Brought together by friendship, chance, and Craigslist, The Belle Game have developed into one of Canada’s rising independent bands. Adam Nanji, Andrea Lo, Alex Andrew, Katrina Jones, and Rob Chursinoff have transformed The Belle Game from a folk-roots oriented band from their early EPs to the soaring, orchestral pop that permeates on their first full-length album, Ritual Tradition.
The album is full of songs that are at times dreamy and at other times make you want to get up and dance. “Wait Up for You” is a show-stopping number that will recalll Siouxsie and the Banshees. “Wasted Light” is a groovy pop tune reminiscent of Local Natives. “River” is a beautifully haunting tune that showcases Andrea Lo’s tremendous vocal range and the band at its best in writing a hypnotic song.
While they are still honing their craft as live performers, the Vancouver-based band have an undeniable presence on stage. They are lively and engaging, filling the room with their raw energy, the power of Lo’s voice, and the intoxicating rhythms and beats of the band. Their bill with Bear Mountain (who will be the subject of next week’s conversation) at The Black Sheep Inn in Wakefield, Quebec, was outstanding and among my top-3 shows of the year.
Prior to The Belle Game taking the stage, I sat down with them over dinner to talk about the band’s formation and progression, their time working with Kevin Drew and Charles Spearin of Broken Social Scene, and their career ambitions.
B: You started off as a folk band but have evolved to an “orchestral pop” sounding band. Can you please share with me your evolution as a band.
ANDREA: When we first started out, we were operating as fans of music rather than being musicians. In building our EPs to albums, it’s been a process of incoperating our own tastes rather than being fans of the type of music we liked at that time, which was mostly folk music.
ALEX: Absolutely agree.
ROB: I wasn’t there for the first EPs, so I’ll remain silent for now. (laughter)
B: Did Rob completely change your sound? (laughter)
ALEX: Well, he sort of did. Rob joined us about a year after we started the band. When we first started, Adam, Andrea, and I got together because it was Adam’s brainchild at the beginning. He had these songs that he was working on for a long time and piecing them together. Then one day, he asked Andrea and I to play a show with him, so we wrote these songs off from what Adam had started and collaborated on them. Then we went to the studio right away within three weeks of playing together.
ANDREA: It was really kind because Adam was in the process of finishing a full album for himself, a solo album. In playing with us, the idea of being a band was entirely unexpected. We thought it would be just one night playing with friends, but he offered to make an EP with us instead.
B: How and when did Katrina, Rob, and Marcus join?
ALEX: Adam met Katrina in the November of the same year we started. Adam went back to McGill to study and when he went back he wanted to keep playing music and keep the momentum going. So he put a request on Craigslist for a female vocalist to sing alongside when Andrea couldn’t be there. Katrina actually responded to it, and they found out they actually knew each other because Adam use to eat at the restaurant that Kat was a waitress. Once Katrina joined us, we haven’t looked back.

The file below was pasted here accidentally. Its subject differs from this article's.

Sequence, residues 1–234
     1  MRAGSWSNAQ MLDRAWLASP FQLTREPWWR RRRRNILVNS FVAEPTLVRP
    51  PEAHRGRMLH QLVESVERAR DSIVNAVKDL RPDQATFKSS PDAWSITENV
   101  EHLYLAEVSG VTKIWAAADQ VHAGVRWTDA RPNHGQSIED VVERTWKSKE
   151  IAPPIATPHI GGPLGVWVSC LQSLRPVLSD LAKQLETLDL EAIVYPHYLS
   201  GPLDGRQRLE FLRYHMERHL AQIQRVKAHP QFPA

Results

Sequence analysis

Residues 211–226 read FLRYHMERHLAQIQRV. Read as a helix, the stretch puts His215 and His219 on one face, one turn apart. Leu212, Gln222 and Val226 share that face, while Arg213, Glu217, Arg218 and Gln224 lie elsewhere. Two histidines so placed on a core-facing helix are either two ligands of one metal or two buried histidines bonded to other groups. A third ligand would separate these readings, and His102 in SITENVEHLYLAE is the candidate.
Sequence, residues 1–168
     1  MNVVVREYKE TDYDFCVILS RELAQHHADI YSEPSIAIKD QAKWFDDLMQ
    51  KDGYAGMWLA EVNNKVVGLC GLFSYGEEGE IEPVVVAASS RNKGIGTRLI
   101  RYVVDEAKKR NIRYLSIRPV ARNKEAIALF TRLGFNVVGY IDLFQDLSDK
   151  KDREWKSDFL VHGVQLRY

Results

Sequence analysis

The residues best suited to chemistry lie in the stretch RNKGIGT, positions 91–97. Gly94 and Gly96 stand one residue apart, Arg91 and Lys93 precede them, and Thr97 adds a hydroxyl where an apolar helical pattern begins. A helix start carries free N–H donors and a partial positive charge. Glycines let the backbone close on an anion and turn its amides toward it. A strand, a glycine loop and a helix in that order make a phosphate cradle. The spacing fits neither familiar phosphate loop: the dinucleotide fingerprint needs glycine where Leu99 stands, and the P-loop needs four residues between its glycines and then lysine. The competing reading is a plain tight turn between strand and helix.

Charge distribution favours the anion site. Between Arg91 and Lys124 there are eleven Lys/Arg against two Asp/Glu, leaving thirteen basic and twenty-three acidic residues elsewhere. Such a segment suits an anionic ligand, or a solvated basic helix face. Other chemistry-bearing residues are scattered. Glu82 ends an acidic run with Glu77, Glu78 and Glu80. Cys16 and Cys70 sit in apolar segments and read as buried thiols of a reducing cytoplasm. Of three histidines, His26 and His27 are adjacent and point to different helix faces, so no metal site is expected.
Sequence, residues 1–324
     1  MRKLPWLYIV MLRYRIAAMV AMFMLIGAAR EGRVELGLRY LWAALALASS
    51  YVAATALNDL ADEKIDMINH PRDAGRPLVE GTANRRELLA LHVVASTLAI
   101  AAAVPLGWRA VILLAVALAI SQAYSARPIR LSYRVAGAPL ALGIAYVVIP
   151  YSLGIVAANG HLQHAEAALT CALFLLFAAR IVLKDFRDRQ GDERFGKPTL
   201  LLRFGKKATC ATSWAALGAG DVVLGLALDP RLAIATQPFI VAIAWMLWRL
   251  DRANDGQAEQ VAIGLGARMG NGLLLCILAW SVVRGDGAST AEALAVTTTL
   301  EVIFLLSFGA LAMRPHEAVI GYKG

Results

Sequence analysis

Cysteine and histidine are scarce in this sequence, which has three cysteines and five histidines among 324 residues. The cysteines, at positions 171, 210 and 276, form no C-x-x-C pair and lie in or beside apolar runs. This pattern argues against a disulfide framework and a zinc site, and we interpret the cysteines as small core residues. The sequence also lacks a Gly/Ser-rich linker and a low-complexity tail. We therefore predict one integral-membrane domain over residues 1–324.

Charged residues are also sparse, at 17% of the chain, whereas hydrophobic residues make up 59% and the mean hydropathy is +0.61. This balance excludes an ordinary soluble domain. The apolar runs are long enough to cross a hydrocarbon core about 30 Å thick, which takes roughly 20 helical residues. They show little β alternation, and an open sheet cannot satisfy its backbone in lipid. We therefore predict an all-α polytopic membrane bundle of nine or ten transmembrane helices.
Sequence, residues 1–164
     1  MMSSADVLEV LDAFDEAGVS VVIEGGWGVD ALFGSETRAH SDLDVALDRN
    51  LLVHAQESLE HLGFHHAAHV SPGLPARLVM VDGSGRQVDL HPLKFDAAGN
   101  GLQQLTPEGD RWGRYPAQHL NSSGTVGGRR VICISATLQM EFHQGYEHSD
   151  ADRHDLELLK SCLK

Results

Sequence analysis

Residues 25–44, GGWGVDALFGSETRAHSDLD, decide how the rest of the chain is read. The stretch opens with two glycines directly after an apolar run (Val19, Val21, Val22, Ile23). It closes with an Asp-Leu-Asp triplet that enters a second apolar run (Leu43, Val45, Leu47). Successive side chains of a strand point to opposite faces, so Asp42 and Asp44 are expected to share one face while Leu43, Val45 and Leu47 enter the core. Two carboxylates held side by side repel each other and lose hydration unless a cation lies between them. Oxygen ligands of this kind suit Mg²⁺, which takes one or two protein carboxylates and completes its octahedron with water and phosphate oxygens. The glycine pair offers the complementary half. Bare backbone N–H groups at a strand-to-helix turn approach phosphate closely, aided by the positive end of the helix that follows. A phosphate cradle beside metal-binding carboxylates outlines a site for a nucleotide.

B: And Rob?
ALEX: Rob was also a result of a Craigslist post. We were looking for a drummer the year after we started the band. By this time, Katrina was with us for a while and we put out a Craigslist ad. I guess one of Rob’s friends saw it and said to Rob that he might be interested and he should check us out. By the way, Rob use to play with Tegan and Sara. Rob connected with us and played with us, and we’ve been together ever since.
B: And Marcus?
ALEX: Marcus, on the other hand, is a bassist we play with every once awhile. When he can’t be there, we play with another bassist Erica. He’s a “rent-a-bassist” as he says, and he’s a really good guy.
B: Take me through the process of writing the LP. Was it very organic? How much of the songwriting was collaborative?
ANDREA: I think the idea manifested as a result of our process. It was, moreso, looking back that there was a common theme running throughout our music.
ALEX: It was really a long process. We actually took about 2 years to write the record. It was the result of writing and recording 16 songs and then throwing them all out and starting all over again. We wrote another 12 and kept those ones.
ADAM: It definitely was not organic.
ANDREA: Definitely not.
B: What was the first song to stick for the LP?
ANDREA: Was it “Wasted Light”?
ADAM / ALEX: I think so.
ANDREA: We actually recorded that in Montreal. (Looking at Katrina and Adam) Was that while you two were still living in Montreal?
ALEX: It would actually be two years before we recorded the whole record.
ANDREA: Yeah, we recorded half the album in Montreal and then proceeded to finish the rest of it in Vancouver after many, many months.
B: Who is the ringleader of the troupe?
ANDREA, ALEX, AND ROB: Adam and Katrina.
ANDREA: They rule with an iron fist.
ROB: They tell us where to go to eat burgers. (laughter)
B: When you did the first EP, what direction were you thinking at the time and where do you see yourselves going?
ADAM: The EP was interesting because it did turn out really folky, which was something we were kind of into. But at the same time, I think the intention was for us to sound like what we do now. We can look at it either as a failed attempt or an alternate route to the same thing.
ANDREA: I think with writing the album we had more time to nurture our sound and really find out how to write with each another. We also learned more about our personal tastes and how to join our interests together. In writing the two EPs, we were really cramped on time, so it had a big effect on what we could put out.